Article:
Firstly R. Aviner's response conflates the question of whether Olmert deserved what happened to him with whether the disease itself is Divine Punishment. Of course no one can know whether an event is actual divine punishment. There is always room to speculate but ultimately we cannot know. However that is besides the point, because the question is not Did G-d Punish Olmert With Cancer but Does Olmert Deserve Cancer.
Parts A. and C. of R. Aviner's response presumes that the question is Did G-d Punish Olmert With Cancer or May We Say That G-d Punished Olmert With Cancer. Both answer a question that was not asked and are there besides the point. That leaves only B. which references hona'at devarim, harming with words.
Much of these discussions go back to Sharon's illness, back then I took a stand against praying for Sharon. They also go back to the death of Yitzchak Rabin. They revolve around the question of the status of someone like Olmert. Is he to be considered a fellow Jew or human being whose repentance we should hope for or one of the community of the wicked hated by G-d who spills the blood of his brethren, one of the evil shepherds who enslaves and sells his people. R. Aviner's answer presumes the former, I presume the latter.
Did G-d give Olmert cancer? That's a question that is impossible to answer definitively. Does a man who is responsible for the death of other Jews and who embodies corruption and deceit deserve cancer? I imagine he deserves something far more than an easily treatable medical problem that will hardly interfere with his plans to give away Yerushalayim Ihr Hakodesh.
Can we seriously talk about harming the feelings of such a man? The Torah we follow is not the Torah of Gandhi. We can exchange quotes and counterquotes all day, but a true Torah view does not set the wicked man who sells his brother into slavery as someone who deserves a hug and a pat on the back in the hopes that he will repent out of love. R. Aviner somehow believes the idea of the generation repenting out of love runs counter to confronting and condemning the wicked in even the harshest possible ways.
When the wicked are punished the name of G-d is upheld in the world because men see that there is justice and the world is not without a justice. It is forbidden to pronounce the name of the wicked without a curse (Mishlei 10:7) and that is why HaRasha or Yemach Shemo Ve'Zichro was generally appended to the names of everyone from Bilaam to Hitler.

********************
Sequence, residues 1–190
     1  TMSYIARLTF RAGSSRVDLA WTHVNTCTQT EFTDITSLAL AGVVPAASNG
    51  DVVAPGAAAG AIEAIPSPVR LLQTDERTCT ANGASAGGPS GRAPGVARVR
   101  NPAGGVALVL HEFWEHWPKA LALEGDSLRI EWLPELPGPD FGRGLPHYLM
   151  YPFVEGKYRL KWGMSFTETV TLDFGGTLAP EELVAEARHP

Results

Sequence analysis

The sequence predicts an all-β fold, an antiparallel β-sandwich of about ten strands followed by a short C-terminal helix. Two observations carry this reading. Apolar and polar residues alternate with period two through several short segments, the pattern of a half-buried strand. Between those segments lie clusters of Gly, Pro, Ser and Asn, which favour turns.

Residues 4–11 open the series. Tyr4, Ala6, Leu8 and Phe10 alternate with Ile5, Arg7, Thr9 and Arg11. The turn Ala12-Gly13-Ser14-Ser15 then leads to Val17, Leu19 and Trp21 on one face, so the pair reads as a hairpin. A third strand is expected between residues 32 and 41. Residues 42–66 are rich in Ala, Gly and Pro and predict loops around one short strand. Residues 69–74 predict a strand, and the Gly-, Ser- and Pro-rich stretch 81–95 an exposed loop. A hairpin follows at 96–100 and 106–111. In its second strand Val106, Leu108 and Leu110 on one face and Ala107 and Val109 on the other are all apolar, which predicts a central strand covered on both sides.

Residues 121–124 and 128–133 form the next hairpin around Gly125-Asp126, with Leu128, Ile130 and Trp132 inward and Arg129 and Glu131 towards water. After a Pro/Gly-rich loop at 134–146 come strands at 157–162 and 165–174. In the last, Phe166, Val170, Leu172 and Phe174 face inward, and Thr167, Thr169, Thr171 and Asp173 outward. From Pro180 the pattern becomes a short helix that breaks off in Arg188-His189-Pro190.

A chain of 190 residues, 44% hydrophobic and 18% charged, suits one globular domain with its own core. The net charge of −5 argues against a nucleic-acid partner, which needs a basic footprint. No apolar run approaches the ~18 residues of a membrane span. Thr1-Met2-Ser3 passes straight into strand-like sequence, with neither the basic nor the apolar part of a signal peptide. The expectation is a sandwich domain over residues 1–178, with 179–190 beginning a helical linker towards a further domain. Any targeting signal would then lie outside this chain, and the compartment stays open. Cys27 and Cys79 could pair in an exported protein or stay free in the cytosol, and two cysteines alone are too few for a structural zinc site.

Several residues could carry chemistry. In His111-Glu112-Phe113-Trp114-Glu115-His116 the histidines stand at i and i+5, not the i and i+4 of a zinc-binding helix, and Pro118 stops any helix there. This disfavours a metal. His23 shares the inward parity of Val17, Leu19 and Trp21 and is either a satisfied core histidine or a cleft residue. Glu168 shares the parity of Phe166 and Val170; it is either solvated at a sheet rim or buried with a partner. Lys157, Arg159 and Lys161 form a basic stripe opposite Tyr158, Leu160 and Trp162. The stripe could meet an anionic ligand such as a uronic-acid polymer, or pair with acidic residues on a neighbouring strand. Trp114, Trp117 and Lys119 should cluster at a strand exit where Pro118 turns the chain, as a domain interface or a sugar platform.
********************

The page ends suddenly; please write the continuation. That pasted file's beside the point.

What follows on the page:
יִגְמָר נָא רַע, רְשָׁעִים--ּ וּתְכוֹנֵן צַדִּיק May the full measure of evil be piled on the wicked, King David prayed. This was not an abstract statement, it was a specific prayer against his enemies.
Why indeed do we celebrate when bad things happen to the wicked? Is it merely personal vendettas, a petty desire to see them suffer? David HaMelech answers that question for us in Tehilim 10: 4-12.
The wicked, in the pride of his countenance says 'He will not require'; all his thoughts are: 'There is no God. His ways prosper at all times; Thy judgments are far above out of his sight; as for all his adversaries, he puffeth at them.
He says in his heart: 'I shall not be moved, I shall never suffer adversity.' His mouth is full of cursing and deceit and oppression; under his tongue is mischief and iniquity. He sits in the lurking-places of the villages; in secret places doth he slay the innocent; his eyes are on the watch for the helpless.
He hath said in his heart: 'God hath forgotten; He hides His face; He will never see.' Arise, O LORD; O God, lift up Thy hand; forget not the humble.
We of course can never know if an evil thing that befalls an evil man is a Divine Punishment, but at the same time it is dangerous too be too enthusiastic in proclaiming that it is not and that we should not speak of it. For when we do, we too risk enabling the belief of the wicked that G-d has forgotten and that he will never see. This only emboldens the wicked who might otherwise at least restrain themselves when they encounter a setback, yet when they hear Rabbis talk down the idea that they are experiencing a divine punishment, they only grow more arrogant. "He hides his face," they think, "he will never see. Even the Rabbis admit it."
When we too loudly disclaim any idea that the sufferings of the wicked is the Hand of G-d, we risk proclaiming ourselves that the world has no judge. No we are not prophets, yet a thousand Jewish communities across the world have held Purims long after the of the Prophets that quite often commemorate the death of evil men. Was Stalin's Purim supported by prophecy? No but we can as a general rule assume that the death of the wicked that brings salvation is a salvation from G-d.
At this point Olmert's cancer is not in that category nor do we have any proof that G-d is punishing Olmert for his crimes. Neither do we have any proof that he is not. The question is whether we give G-d the benefit of the doubt or Olmert. Do we spare Olmert's feelings or do we uphold the belief that G-d judges the world and that if the wicked suffer, it is probably by his hand. Which is more important?